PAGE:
“Independent Laboratory” accreditations for BWTS. Out of 45 BWTS manufacturers who have signed a letter of intent for having their systems approved by the USCG, DNV GL is currently handling 25, making it the largest independent provider of laboratory More systems close to approval services by far. In the first quarter of 2017, DNV GL submitted two further appliThe choice of the best-suited treatment system for a particular cations to the U.S. Coast Guard, for manufacturers Sunrui and vessel depends on a number of factors: What ship type is it? Does Ecochlor. “Currently, we have also completed land-based testing the vessel operate in fresh or brackish water? Does it primarily cycles for four further manufacturers. Successfully passing landsail in cold or temperate waters? Will the system have to work in based testing is a good indication that the systems could also high-turbidity conditions, meaning water that contains a lot of clay, meet the U.S. Coast Guard’s requirements, once they have undergone shipboard testing,” says Olofsson. “Land-based testing really algae or silt? All these questions are very important for making the right choice. The five treatment systems which already hold challenges the efficacy of these systems. In 15 test cycles, they or are soon expected to hold a USCG type approval certificate expose the systems to 1,000 times more large organisms and ten include UV systems, electrolytic systems and chemical injection times more medium-sized organisms than shipboard testing.” If systems. Read on to see how these types of systems work, which all goes to plan, another four systems could be approved in the operational profiles they can handle and their advantages and first half of 2018. drawbacks (see next page). AJO/HH The USCG officially appointed DNV GL as an Independent Laboratory (IL) to perform type approval testing of ballast water treatment systems (BWTS) in 2013. “DNV GL and its associated sub-laboratories DHI Denmark, NIVA (Norway), Golden Bear FacilDNV GL Expert ity (USA) and DHI Singapore have been deep into the details Martin Olofsson, Senior Principal Engineer of USCG testing for three years and have gained substantial Environmental Protection experience in what is practical and possible to achieve in comPhone: +47 67 57 78 61 E-Mail: pliance with the regulation,” says Olofsson. There are now five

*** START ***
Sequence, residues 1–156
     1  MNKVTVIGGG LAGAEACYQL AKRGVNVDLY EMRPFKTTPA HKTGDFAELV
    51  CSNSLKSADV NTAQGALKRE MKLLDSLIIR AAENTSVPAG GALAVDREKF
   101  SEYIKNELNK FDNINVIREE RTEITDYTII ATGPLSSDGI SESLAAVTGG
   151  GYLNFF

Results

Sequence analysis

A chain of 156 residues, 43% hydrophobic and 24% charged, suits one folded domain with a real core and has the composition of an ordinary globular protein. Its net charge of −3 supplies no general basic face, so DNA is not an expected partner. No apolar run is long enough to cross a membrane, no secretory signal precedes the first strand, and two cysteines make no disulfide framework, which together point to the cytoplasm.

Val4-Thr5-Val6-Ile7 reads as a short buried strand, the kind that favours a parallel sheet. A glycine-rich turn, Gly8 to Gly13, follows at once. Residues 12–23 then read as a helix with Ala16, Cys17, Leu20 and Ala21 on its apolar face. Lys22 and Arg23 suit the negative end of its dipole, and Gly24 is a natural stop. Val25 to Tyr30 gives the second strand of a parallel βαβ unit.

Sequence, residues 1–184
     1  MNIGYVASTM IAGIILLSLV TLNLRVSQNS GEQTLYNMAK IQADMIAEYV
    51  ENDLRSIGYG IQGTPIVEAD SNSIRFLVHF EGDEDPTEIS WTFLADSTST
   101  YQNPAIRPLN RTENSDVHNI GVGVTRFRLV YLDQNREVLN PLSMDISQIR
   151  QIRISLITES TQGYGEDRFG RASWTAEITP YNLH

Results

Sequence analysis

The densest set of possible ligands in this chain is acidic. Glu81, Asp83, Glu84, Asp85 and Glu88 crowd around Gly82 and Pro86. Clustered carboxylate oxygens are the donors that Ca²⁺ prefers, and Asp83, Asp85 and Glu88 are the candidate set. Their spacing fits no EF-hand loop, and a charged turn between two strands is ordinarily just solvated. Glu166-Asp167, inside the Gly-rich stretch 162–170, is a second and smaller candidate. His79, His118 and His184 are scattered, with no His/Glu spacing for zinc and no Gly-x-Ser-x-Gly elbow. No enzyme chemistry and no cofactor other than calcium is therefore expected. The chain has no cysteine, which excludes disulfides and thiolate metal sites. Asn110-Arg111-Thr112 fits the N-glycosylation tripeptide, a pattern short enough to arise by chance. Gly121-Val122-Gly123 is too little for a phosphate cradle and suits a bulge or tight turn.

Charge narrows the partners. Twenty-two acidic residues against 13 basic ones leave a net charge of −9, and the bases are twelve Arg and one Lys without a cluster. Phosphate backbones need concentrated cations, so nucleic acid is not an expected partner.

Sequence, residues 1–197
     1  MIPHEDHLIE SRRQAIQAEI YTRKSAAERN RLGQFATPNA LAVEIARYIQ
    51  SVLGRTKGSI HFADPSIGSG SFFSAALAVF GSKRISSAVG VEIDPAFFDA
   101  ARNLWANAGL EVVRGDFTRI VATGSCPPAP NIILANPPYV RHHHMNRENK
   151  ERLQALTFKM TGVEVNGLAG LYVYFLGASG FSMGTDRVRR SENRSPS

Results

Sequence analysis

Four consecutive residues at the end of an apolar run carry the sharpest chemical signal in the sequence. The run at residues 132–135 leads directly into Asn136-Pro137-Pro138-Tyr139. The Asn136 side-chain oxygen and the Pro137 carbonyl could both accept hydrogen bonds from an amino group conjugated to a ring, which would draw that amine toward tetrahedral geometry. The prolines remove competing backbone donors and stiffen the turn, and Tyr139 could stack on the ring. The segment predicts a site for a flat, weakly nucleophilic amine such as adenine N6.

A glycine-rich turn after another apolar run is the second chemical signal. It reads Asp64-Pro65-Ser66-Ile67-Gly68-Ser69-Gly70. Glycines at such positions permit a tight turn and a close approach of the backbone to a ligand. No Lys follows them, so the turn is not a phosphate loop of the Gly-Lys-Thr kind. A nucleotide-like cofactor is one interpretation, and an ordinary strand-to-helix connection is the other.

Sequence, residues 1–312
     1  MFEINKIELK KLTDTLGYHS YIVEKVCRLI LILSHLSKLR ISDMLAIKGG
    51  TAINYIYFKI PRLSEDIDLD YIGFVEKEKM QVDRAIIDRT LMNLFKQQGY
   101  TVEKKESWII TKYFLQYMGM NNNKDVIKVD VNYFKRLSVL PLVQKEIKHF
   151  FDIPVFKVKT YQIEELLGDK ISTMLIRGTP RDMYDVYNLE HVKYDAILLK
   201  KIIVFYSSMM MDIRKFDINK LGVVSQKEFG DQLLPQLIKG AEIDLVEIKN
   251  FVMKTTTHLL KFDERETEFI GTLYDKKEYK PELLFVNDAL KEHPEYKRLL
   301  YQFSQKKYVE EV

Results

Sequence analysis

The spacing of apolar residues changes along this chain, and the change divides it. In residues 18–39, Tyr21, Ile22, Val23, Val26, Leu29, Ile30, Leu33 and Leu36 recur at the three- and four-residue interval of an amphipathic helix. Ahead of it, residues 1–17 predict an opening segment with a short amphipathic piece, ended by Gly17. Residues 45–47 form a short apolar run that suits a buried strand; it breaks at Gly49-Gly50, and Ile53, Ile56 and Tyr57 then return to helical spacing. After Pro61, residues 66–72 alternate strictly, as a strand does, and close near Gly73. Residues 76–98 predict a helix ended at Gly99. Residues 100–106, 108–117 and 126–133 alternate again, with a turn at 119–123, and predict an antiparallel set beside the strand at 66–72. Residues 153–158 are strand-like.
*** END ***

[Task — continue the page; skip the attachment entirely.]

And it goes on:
How it works: With a market share of 50 per cent, UV systems are the most popular option at present. They use a two-step process of filtration and ultraviolet (UV) irradiation to sterilize organisms and stop their reproduction. Suitable for: UV systems are suitable for any vessel in theory, but primarily for those which do not take in too much ballast water and have flow rates of up to around 1,000 cubic metres per hour. This includes ro-ro vessels, container ships, offshore supply vessels and ferries.

Advantages/Challenges: UV systems are easy to install and retrofit, and have few safety concerns from a class point of view. They also operate independently, no matter what the water salinity and temperature are. However, they are dependent on the water transmittance (UV-T) and work less well in turbid water. The U.S. Coast Guard’s interpretation that any organisms released into US waters should be dead before leaving the vessel, rather than just made infertile, means that a type-approved filter+UV system

becomes more sensitive to water turbidity and may require longer holding times to ensure mortality.

vessels such as tankers and bulk carriers, which have large ballast water volumes and high flow rates in the range of up to 8,000 cubic metres per hour. Advantages/Challenges: As well as being able to handle large capacities, electrolysis-based systems are very efficient and the treatment of the water is done on the intake only (possible neutralization on discharge). This means they provide on-board disinfection, and some systems even provide in-tank circulation